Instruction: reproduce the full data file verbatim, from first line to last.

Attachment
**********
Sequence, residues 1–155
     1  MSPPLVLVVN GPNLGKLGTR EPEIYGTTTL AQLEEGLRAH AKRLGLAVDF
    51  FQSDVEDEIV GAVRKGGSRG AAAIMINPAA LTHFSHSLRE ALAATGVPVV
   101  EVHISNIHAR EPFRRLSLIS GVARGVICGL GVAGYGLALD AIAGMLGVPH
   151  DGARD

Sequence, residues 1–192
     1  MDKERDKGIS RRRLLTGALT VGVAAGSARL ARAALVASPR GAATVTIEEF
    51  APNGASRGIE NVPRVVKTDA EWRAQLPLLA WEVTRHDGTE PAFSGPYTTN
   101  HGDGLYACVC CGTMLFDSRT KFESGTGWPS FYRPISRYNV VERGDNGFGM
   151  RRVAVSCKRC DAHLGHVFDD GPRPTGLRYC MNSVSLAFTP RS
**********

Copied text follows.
Sequence, residues 1–155
     1  MSPPLVLVVN GPNLGKLGTR EPEIYGTTTL AQLEEGLRAH AKRLGLAVDF
    51  FQSDVEDEIV GAVRKGGSRG AAAIMINPAA LTHFSHSLRE ALAATGVPVV
   101  EVHISNIHAR EPFRRLSLIS GVARGVICGL GVAGYGLALD AIAGMLGVPH
   151  DGARD

Sequence, residues 1–192
     1  MDKERDKGIS RRRLLTGALT VGVAAGSARL ARAALVASPR GAATVTIEEF
    51  APNGASRGIE NVPRVVKTDA EWRAQLPLLA WEVTRHDGTE PAFSGPYTTN
   101  HGDGLYACVC CGTMLFDSRT KFESGTGWPS FYRPISRYNV VERGDNGFGM
   151  RRVAVSCKRC DAHLGHVFDD GPRPTGLRYC MNSVSLAFTP RS